General information about all policies from the Office of the Dean of Students
Reporting to the University – Find out how to report IPV to the University.
Reporting Forms for students
Sexual Assault Response Plan – Read the official document on how the university responds to sexual assault against a student
Harassment, Including Sexual Misconduct, and Discrimination policy for students and staff
The Instrument of Student Judicial Governance explains the expectations of students and offenses which violate the Honor Code, including “Conduct Affecting Persons” under “Student Conduct Adversely Affecting Members of University Community or the University.” Please note, until August 1, 2012, the policy against sexual misconduct was enforced through the UNC’s Honor System. Incidents of physical or emotional violence, including hazing, harassment, and stalking, still fall under this policy; sexual harassment and sexual misconduct are included in the Harassment, Including Sexual Misconduct, and Discrimination policy. You can find a PDF of the Instrument here.
Looking for another policy at UNC? Check out this page.
Sexual Assault, Harassment, and Stalking
The Orange County Sexual Assault Response Team consists of agencies which will come into contact with survivors of sexual assault. SARTs allow professionals from service agencies to meet together in a spirit of collaboration and communication to better serve the needs of the community. The guiding principle behind the SART program is to join health care, law enforcement, judiciary, and victim advocacy in a coordinated effort to ensure survivors of sexual assault receive comprehensive medical attention, evidentiary examinations, emotional support and referral information. SART has put together guidelines for a variety of professionals who support survivors, as follows:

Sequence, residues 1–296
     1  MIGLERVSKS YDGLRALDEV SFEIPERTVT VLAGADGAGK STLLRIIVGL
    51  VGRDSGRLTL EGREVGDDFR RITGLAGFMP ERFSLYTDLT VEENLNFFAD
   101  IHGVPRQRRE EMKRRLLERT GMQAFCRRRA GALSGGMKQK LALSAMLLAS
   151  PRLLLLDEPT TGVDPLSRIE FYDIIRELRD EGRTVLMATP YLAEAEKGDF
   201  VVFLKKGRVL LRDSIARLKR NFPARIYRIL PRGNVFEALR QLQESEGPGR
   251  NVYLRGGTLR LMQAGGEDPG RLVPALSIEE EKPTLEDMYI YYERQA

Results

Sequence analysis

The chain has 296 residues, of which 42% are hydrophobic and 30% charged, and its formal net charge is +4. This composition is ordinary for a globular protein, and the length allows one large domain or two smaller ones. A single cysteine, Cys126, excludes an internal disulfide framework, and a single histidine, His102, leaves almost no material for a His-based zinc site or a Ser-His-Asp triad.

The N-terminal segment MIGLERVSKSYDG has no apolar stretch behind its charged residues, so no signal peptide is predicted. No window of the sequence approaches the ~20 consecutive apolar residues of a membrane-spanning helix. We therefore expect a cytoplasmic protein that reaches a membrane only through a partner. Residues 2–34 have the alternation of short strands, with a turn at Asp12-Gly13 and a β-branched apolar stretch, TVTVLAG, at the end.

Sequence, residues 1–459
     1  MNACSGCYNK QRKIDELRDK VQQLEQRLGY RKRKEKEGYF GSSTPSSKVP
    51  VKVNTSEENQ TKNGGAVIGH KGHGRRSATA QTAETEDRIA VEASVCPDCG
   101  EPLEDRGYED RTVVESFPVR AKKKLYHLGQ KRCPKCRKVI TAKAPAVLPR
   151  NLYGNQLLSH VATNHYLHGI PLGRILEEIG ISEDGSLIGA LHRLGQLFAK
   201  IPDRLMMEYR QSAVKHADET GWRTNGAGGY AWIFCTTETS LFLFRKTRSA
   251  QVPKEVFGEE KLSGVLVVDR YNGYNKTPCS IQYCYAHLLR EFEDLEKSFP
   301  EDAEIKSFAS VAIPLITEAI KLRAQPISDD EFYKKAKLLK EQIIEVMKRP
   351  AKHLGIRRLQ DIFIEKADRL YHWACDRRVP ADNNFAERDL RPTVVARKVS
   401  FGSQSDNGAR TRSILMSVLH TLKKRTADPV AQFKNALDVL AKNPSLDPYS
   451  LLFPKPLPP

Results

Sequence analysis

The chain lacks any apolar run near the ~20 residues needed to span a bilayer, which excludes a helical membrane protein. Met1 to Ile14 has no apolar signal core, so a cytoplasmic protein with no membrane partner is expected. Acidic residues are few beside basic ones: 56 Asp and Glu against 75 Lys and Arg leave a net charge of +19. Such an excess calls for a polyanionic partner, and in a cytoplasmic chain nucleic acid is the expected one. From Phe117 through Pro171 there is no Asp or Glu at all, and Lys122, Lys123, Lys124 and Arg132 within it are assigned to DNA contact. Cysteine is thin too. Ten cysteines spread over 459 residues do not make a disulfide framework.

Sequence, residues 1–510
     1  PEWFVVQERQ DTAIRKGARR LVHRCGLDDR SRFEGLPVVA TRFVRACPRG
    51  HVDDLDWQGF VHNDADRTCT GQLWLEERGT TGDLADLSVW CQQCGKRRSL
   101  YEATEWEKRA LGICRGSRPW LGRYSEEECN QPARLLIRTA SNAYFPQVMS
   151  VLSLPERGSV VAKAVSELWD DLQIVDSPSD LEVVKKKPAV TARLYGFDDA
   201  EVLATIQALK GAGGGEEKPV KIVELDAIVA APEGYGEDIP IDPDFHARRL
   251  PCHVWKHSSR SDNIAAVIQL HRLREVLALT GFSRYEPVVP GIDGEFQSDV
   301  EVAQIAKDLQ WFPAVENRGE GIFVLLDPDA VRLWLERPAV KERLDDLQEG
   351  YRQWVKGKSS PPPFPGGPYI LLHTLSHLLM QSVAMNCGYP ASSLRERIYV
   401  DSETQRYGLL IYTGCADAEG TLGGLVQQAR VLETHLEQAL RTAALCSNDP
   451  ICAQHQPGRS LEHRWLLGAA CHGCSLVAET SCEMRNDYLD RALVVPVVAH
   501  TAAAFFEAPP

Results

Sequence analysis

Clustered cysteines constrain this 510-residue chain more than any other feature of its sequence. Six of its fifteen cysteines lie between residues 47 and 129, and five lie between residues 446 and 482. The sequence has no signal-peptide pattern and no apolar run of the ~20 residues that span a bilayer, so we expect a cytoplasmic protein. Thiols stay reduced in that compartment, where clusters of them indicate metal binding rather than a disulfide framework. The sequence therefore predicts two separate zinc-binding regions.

For more information about SART, please contact Orange County Rape Crisis Center at 919-968-4647 to speak to the Crisis Response Coordinator.
In North Carolina, criminal sex offenses include, but are not limited to, such things as rape, statutory rape, sexual offense, peeping, sexual harassment, stalking, cyber-stalking, and indecent exposure (North Carolina Coaltion Against Sexual Assault, 2007). This definition includes anal and oral penetration as well as vaginal penetration with a finger or object.
The State of North Carolina Statute defines rape as “Vaginal intercourse by force, without consent, or with a victim whom the perpetrator knows is mentally disabled, mentally incapacitated or physically helpless.” Force includes both psychological coercion and physical force.
In North Carolina, there is no specific crime of domestic violence, but the abuser may have committed one or more of the crimes listed on the NC General Statute Chapter 14, Criminal Law Section:
What is Title IX?
Title IX of the Education Amendments of 1972 (“Title IX”), 20 U.S.C. §1681 et seq., is a Federal civil rights law that prohibits discrimination on the basis of sex in education programs and activities. All public and private elementary and secondary schools, school districts, colleges, and universities receiving any Federal funds must comply with Title IX. Under Title IX, discrimination on the basis of sex can include sexual harassment or sexual violence, such as rape, sexual assault, sexual battery, and sexual coercion.
What are a school’s responsibilities to students?
Title IX states that a school has a responsibility to respond promptly and effectively to a complaint of sexual harassment or sexual violence (including relationship violence and stalking); If a school knows or reasonably should know about sexual harassment or sexual violence that creates a hostile environment, the school must take immediate action to investigate to determine what occurred and then take appropriate steps to resolve and eliminate the sexual harassment or sexual violence, prevent its recurrence, and address its effects.
“Sexual violence in schools and on campus is a pressing civil rights issue: when students suffer sexual assault and harassment, they are deprived of equal and free access to an education. Title IX of the Education Amendments of 1972 is a federal civil rights law that prohibits discrimination on the basis of sex in any education program or activity that receives federal funding. Title IX is a powerful tool for students who want to combat sexual violence at school and on college campuses. Under Title IX, discrimination on the basis of sex can include sexual harassment, rape, and sexual assault.” Read more: Title IX information from the ACLU